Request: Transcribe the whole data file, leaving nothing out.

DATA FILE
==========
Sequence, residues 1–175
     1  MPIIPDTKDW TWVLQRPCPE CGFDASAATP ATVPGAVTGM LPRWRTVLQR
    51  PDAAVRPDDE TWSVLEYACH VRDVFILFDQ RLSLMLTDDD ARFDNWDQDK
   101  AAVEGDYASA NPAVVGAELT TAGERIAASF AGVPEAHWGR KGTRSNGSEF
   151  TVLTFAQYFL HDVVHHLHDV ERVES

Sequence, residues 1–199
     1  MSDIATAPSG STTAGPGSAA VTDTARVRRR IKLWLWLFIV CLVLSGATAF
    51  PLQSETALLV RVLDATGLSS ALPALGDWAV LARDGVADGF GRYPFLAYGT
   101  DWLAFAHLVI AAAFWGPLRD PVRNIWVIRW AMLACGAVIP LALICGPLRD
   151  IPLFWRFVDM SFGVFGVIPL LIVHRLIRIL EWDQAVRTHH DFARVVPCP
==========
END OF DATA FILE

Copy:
Sequence, residues 1–175
     1  MPIIPDTKDW TWVLQRPCPE CGFDASAATP ATVPGAVTGM LPRWRTVLQR
    51  PDAAVRPDDE TWSVLEYACH VRDVFILFDQ RLSLMLTDDD ARFDNWDQDK
   101  AAVEGDYASA NPAVVGAELT TAGERIAASF AGVPEAHWGR KGTRSNGSEF
   151  TVLTFAQYFL HDVVHHLHDV ERVES

Sequence, residues 1–199
     1  MSDIATAPSG STTAGPGSAA VTDTARVRRR IKLWLWLFIV CLVLSGATAF
    51  PLQSETALLV RVLDATGLSS ALPALGDWAV LARDGVADGF GRYPFLAYGT
   101  DWLAFAHLVI AAAFWGPLRD PVRNIWVIRW AMLACGAVIP LALICGPLRD
   151  IPLFWRFVDM SFGVFGVIPL LIVHRLIRIL EWDQAVRTHH DFARVVPCP